Voice and electronics experimentalist Nicolas Collins has created, with the help of trumpeter Ben Neill and the Kammerensemble Neue Musik Berlin, a work of startling beauty and fickle sonances. Armed with a gaggle of effects boxes and toys, seven scores with texts by everyone from Vladimir Nabokov and Susan Tallman to Collins himself, he creates a music that derives somewhat from the minimalism of early Philip Glass and Steve Reich, but is more lyrical even as it is electronically altered. Some of the pieces here, such as "Still Lives," were recorded live for radio broadcasts, while the majority of it was conceived in a recording studio in Germany. No matter, Sound Without Picture holds together as one work with many voices, all of them read and breathed life into by Collins, who knows his territory. One gets the impression that for Collins it is no longer a question of discovery, that is taken for granted in that no one is doing what he is anyway, but more about expression and presentation of these combined elements. There is nothing here harsh or disturbing, though its tones and noises may be dissonant and even atonal. Through sonic manipulation and a keen sense of timing and musical "sense," Collins has moved toward a kind of ethereal yet physical beauty that proves that electronic music is as organic as anything else. This is truly a beautiful recording, which is exquisitely sequenced and orchestrated.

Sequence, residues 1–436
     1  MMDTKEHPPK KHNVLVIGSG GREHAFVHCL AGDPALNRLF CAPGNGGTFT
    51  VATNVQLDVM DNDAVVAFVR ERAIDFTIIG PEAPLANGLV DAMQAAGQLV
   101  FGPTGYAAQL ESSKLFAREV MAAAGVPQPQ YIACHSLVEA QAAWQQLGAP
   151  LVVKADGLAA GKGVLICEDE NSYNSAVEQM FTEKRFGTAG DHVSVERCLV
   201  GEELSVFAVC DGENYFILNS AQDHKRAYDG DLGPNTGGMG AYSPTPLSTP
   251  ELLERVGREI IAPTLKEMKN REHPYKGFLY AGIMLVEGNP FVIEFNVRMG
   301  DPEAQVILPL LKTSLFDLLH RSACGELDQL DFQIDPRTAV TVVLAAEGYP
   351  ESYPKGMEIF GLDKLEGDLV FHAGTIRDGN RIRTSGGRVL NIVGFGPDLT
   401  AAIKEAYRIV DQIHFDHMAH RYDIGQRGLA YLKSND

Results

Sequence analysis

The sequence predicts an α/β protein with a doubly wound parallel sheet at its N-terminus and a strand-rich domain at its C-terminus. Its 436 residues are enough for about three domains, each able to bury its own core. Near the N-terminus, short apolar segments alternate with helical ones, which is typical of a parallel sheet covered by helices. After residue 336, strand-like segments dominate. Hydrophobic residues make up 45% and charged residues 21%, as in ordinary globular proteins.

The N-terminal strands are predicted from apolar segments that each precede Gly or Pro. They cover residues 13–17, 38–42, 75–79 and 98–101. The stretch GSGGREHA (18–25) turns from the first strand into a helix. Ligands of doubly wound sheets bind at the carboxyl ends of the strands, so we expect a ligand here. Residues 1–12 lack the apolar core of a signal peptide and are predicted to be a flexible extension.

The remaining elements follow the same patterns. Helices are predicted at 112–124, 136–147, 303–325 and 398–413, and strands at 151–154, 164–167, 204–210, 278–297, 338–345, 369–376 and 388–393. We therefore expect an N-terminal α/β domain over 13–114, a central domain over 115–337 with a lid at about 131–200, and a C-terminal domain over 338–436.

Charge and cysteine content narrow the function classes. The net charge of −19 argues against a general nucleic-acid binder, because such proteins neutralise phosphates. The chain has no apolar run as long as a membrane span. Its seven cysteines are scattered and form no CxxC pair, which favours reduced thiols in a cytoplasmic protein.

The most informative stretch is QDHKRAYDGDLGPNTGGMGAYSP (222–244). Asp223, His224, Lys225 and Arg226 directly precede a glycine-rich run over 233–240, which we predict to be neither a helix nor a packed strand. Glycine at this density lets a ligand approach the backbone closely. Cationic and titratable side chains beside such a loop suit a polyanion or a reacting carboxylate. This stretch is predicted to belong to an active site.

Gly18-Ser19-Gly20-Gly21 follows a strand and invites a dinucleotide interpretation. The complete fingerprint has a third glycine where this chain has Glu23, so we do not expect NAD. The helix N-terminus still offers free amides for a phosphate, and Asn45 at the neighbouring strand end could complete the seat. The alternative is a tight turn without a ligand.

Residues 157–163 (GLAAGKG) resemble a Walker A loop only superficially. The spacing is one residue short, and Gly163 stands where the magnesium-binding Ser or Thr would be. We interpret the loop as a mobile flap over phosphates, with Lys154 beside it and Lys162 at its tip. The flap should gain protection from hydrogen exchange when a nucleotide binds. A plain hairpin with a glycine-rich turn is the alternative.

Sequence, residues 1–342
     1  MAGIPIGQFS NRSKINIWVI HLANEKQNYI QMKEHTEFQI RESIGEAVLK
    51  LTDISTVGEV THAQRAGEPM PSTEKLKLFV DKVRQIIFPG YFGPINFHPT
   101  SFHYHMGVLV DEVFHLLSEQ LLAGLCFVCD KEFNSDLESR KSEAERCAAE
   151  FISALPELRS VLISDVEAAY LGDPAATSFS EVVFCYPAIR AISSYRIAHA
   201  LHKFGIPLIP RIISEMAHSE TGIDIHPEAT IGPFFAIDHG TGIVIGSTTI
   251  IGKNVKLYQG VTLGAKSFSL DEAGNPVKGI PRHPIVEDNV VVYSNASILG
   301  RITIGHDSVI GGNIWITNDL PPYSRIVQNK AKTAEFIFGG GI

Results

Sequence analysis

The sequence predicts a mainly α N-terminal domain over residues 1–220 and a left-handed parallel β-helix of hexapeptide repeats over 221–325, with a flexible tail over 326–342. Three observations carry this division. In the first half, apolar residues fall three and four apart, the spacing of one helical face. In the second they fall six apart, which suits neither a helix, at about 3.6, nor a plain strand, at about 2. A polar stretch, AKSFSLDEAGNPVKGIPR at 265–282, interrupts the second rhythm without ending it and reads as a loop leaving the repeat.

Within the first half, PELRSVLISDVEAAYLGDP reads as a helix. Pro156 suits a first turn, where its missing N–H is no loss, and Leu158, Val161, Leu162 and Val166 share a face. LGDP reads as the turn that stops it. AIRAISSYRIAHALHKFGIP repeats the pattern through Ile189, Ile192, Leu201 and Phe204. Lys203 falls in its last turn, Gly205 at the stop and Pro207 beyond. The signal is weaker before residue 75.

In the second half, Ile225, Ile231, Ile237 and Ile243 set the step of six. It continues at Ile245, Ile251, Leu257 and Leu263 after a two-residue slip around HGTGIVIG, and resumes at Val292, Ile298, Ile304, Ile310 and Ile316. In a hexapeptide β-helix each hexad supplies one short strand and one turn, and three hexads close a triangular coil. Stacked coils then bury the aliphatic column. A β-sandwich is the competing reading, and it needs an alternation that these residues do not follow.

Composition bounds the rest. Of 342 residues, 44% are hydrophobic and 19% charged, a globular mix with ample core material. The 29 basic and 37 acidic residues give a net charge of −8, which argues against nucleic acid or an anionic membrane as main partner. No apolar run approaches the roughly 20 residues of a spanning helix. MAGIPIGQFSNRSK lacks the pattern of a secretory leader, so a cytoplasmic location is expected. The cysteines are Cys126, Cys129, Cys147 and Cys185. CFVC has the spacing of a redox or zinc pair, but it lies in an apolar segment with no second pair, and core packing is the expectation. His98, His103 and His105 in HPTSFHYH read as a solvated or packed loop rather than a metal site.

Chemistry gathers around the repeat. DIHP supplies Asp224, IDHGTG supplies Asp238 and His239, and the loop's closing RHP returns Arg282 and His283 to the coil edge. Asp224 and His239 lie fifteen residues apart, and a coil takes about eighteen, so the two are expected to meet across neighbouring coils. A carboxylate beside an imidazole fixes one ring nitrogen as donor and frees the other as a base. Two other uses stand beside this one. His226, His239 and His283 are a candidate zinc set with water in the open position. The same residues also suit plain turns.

AllMusic Review by Thom Jurek